-Lisa Wyatt, Ed.D. is chief strategy officer and partner in Phillips Wyatt Knowlton, Inc. PWK is a performance management resource for systems and social change with clients worldwide. Lisa has cross-sector and international experience. She is an author and W.K. Kellogg Leadership Fellow. See: www.pwkinc.com

Constructive Contributions

July 17, 2014

monalisa

The critique or “crit” is a core activity in the Yale School of Art as well as other arts programs nationwide. This process happens in “the pool” if you are a student in the Photography Department and in “the pit” if you are in Painting and Printmaking. These are both spaces below the regular main floor which can exaggerate the emotional sense of an inspection.

Prompt Progress

An art student typically sits for nearly an hour while faculty and other students discuss their work. At the core of this process is intentionally constructive honesty. The objective: help the learner understand the distance between intentions and effect. It is supportive feedback that reframes effort and prompts developmental progress.

The crit provides vital wisdom for several reasons: it offers value from experience the student has not had and it reflects multiple sources. Critiques or feedback can have huge value in advancing our effectiveness if our own fragile egos don’t preclude progress. It works best when we have a learner attitude – regardless of age, stage or title.

Dialogic Review

With senior staff at a huge (multi-billion $) funder, we recently used a similar process. In what we call a “mark up,” models of program plans are the focus of experienced subject matter experts. In a facilitated review, the planned work is presented and considered against a rubric. Participants ask questions and express opinion about assumptions, barriers, facilitators, evidence and the relationship between the selected activities, inputs, and intended results. It is thoughtful and fun. It produces important dialogue as well as vital changes in the material.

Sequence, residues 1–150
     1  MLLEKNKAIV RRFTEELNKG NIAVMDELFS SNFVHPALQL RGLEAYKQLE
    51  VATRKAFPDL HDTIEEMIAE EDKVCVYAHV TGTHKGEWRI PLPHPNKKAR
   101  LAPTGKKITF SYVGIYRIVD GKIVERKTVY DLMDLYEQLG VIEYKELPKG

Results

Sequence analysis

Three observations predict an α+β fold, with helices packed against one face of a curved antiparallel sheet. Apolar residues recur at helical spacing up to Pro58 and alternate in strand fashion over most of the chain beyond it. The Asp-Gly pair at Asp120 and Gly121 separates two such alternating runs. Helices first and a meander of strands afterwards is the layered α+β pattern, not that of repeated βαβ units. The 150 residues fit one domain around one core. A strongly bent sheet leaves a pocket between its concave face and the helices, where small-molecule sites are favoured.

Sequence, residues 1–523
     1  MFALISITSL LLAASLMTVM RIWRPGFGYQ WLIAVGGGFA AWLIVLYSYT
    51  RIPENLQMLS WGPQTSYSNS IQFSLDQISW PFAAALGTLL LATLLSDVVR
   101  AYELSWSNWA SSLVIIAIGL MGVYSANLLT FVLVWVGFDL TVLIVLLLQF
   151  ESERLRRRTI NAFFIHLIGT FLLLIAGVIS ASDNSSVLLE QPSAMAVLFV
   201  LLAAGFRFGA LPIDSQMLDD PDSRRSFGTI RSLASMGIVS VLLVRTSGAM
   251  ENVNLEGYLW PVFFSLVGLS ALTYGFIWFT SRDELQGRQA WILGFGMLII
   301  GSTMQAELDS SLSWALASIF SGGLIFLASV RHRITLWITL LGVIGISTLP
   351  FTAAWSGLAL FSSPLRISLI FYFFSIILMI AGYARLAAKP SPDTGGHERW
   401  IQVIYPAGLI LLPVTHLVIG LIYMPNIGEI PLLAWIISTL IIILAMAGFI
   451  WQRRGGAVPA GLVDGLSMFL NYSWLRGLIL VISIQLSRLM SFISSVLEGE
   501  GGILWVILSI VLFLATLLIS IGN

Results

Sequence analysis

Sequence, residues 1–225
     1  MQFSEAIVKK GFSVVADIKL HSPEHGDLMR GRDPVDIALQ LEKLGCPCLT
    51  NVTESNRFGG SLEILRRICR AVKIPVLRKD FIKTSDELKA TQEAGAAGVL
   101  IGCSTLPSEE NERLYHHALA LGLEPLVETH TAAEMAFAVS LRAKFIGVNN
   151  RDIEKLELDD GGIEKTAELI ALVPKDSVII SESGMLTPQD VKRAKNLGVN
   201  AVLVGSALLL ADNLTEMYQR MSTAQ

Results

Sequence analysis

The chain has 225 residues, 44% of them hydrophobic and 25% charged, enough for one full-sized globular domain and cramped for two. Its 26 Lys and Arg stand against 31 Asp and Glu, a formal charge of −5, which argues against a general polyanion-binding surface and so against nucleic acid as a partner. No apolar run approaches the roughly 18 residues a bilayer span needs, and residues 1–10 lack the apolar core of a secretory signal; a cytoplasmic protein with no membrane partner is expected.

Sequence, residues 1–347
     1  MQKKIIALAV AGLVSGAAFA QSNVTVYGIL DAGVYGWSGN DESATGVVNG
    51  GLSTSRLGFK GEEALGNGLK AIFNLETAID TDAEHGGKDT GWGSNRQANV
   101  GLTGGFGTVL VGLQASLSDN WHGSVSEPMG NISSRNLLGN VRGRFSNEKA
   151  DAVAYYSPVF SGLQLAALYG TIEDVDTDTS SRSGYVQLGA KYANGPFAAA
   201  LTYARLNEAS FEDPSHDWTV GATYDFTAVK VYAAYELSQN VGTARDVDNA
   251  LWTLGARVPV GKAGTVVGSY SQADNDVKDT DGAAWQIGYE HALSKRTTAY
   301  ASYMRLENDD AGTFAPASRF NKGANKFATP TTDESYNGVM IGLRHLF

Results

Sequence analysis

Using a “mark up” or “crit” as a regular process can have great yield. Mature professionals welcome multiple perspectives. Then, they sort out what is valid and reliable. Ultimately, what’s produced is far better than the first draft. Constructive comment is a gift in any team or organization. Consider it an important way to adapt and retool your plans.

-Lisa Wyatt, Ed.D. is chief strategy officer and partner in Phillips Wyatt Knowlton, Inc. PWK is a performance management resource for systems and social change with clients worldwide. Lisa has cross-sector and international experience. She is an author and W.K. Kellogg Leadership Fellow. See: www.pwkinc.com